A library may keep the money from its income-generating equipment (photocopiers, fax machines, printers, etc.) if the retention of the funds are approved by warrant article pursuant to RSA 202-A:11-b. If the warrant article is approved, the funds retained must be used for "general repairs and upgrading and for the purchase of books, supplies and income-generating equipment.” See RSA 202-A:11-a. The warrant article need only be approved once to authorize the library to keep funds generated in this manner.

RSA 202-A:11-b Procedure for Adoption.
I.
A town desiring to permit its library to retain money received from its income-generating equipment under RSA 202-A:11-a may have the question placed on the warrant for a town meeting …

QUESTION #7 
One of our trustees has a problem with the inappropriate attire of a library staff member. How do we handle this? Is this micro-managing?

ANSWER:
The matter of attire and a dress code should be discussed with the director at a board meeting; a policy should be researched, written, discussed, approved, and implemented. At no time should an individual trustee approach a staff member about attire—this would definitely be considered micro-managing! The responsibility of the Board of Trustees is to create policy and the Director’s responsibility is to implement and administer policy.

RSA 202-A:11 Powers and Duties. – Except in those cities where other provision has been made by general or special act of the legislature, the library trustees of every public library in the state shall:
I. Adopt bylaws, rules and regulations for its own transaction of business and for the government of the library;

RSA 202-A:16 Powers and Duties. – In addition to any other duties which the librarian may be delegated from time to time, the public librarian shall:
I. Serve as the administrative officer of the public library;

QUESTION #8 
Do you have any ideas how we can recruit people to run for library trustees. We have to almost twist people’s arms to sign up so that we will have a full board. Then after a few months on the board they are happy to be trustees.

ANSWER:
It sounds like your problem is one of lack of knowledge as to what trustees actually do. Some boards have an Open House for prospective trustees about 3-4 months before the sign-up deadline. You can also create a sub-committee to recruit people, calling them up and inviting them to a board meeting. Consult with your library director and staff for recommendations of people who actively use the library, show concern and interest, regularly attend programs, etc. Look for people with the following characteristics:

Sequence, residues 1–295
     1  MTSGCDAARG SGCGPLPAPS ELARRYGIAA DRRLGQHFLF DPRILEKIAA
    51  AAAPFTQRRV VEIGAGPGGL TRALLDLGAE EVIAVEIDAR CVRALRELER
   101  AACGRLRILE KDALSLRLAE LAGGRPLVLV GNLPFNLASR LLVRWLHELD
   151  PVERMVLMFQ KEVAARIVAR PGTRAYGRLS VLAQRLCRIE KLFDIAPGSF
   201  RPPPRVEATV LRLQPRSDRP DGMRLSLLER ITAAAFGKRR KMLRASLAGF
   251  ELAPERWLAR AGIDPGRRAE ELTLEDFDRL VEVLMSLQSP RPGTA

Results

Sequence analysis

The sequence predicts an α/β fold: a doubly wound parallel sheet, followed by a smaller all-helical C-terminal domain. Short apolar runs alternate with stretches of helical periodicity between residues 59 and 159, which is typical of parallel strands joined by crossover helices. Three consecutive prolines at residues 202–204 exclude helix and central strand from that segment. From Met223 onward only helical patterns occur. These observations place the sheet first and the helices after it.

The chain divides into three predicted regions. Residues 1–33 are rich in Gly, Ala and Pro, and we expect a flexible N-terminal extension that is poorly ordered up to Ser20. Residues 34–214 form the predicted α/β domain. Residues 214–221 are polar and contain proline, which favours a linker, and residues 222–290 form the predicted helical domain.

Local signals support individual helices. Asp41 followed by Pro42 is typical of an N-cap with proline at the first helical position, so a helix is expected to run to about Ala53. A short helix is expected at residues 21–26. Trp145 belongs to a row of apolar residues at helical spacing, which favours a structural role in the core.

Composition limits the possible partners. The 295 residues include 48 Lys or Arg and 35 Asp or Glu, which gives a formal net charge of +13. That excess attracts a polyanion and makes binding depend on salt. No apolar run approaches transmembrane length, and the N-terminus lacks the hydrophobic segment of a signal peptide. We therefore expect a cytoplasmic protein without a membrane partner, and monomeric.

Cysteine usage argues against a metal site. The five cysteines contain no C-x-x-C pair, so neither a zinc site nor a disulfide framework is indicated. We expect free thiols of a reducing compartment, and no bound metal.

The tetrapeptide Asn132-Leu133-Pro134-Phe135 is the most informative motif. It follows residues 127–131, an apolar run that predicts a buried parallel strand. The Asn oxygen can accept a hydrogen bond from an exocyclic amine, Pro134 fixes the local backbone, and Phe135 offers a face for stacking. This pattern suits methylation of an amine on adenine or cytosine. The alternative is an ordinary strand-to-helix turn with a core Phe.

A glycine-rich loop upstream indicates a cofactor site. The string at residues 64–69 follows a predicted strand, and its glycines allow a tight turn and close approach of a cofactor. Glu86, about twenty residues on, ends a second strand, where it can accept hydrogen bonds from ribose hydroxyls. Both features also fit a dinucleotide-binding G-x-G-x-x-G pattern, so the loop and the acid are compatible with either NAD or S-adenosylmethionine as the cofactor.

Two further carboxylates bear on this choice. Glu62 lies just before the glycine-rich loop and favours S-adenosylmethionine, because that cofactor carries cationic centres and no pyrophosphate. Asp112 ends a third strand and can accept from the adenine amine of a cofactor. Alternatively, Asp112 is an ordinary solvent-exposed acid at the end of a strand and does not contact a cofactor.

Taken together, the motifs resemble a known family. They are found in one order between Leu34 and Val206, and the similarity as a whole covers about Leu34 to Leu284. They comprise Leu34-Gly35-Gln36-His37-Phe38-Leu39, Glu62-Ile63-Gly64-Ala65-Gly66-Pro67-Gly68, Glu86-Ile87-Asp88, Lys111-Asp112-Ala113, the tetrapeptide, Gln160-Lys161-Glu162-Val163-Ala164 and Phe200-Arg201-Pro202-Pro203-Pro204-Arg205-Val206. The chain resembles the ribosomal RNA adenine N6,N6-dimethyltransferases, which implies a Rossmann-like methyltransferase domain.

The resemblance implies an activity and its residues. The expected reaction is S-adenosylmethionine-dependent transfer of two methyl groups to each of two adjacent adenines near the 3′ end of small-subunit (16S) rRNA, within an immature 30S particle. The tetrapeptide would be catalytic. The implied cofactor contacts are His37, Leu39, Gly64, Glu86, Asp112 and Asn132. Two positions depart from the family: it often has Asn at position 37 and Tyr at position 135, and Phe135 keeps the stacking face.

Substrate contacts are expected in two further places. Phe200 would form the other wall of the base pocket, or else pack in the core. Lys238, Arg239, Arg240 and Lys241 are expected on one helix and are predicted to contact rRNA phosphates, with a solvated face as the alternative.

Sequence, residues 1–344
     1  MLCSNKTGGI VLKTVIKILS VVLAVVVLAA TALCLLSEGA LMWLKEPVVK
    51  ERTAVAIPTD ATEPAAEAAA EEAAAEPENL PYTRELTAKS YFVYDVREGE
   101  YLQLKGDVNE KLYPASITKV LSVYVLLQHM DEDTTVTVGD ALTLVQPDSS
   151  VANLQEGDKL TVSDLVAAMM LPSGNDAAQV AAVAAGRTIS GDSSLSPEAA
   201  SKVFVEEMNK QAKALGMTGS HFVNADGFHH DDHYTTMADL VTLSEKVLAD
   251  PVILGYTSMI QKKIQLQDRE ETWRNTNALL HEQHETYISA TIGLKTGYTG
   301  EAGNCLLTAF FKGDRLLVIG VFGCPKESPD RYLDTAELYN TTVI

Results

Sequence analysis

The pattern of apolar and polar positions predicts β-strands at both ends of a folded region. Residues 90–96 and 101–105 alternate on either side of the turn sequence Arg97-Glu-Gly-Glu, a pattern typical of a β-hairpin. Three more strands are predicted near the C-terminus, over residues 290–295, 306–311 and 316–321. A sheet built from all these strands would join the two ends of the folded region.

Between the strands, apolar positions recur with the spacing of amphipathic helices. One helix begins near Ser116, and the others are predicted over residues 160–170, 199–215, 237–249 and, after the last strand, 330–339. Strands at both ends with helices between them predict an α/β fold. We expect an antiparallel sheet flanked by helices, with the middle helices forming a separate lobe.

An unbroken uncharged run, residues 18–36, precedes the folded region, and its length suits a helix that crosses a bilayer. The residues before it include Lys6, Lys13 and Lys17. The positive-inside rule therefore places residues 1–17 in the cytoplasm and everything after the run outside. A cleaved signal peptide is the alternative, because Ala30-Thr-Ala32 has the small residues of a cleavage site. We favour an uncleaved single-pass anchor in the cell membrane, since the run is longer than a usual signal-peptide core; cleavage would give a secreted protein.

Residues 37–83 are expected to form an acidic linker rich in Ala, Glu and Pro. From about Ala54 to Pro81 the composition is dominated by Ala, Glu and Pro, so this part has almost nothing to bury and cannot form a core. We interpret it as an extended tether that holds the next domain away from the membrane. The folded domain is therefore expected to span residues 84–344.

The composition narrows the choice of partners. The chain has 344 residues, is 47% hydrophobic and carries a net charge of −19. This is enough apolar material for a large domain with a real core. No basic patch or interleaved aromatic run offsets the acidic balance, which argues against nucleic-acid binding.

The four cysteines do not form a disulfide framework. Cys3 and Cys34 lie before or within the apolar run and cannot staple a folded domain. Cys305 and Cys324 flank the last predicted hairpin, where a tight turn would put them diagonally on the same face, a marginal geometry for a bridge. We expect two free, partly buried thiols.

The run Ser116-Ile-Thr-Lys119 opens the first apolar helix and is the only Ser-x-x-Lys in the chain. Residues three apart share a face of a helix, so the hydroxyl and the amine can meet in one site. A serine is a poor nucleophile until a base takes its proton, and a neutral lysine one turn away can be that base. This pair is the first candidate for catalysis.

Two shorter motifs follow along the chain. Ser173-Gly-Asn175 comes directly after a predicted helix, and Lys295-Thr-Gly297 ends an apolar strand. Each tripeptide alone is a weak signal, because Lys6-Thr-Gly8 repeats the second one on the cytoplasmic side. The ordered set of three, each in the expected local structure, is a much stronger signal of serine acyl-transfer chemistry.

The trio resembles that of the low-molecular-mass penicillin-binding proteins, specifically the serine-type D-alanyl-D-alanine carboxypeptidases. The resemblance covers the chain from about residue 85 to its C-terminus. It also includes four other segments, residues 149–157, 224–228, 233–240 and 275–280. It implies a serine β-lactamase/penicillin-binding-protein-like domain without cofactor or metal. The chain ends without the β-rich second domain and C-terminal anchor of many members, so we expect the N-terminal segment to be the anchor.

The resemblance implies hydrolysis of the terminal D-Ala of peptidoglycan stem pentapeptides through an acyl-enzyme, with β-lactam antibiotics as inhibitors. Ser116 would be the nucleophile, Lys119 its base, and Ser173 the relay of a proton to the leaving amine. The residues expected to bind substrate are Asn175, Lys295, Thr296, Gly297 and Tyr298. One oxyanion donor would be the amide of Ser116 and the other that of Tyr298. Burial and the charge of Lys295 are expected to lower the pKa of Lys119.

• Time and desire to fight for quality library services
     • Strong, unshakeable belief in the importance of libraries
     • Ability to be a team player and have a sense of humor
     • Open to the needs of both the library and the community and the ability to voice these needs
     • Chutzpah to get things done in the local political arena.

QUESTION #9 
Does the Board of Trustees have to be an odd number?

ANSWER:
Yes, per RSA 202-A:6.

RSA 202-A:6 Library Trustees; Election; Alternates. – … Any town having a public library shall, at a duly warned town meeting, elect a board of library trustees consisting of any odd number of persons …

QUESTION #10 
A tech savvy patron downloaded software from the internet and installed it on our public access computer causing it to crash. We had to pay our Technology Services person to fix the computer. Do we have any recourse?

ANSWER:
Yes, per RSA 202-A:24. We also recommend that the Board adopt a policy covering use of public access computers and reference the RSA. The policy needs to include an agreement that everyone must read and sign before being allowed to use the computer. You may also want to have your Technology Services person password protect your computer so that public access and privileges are restricted.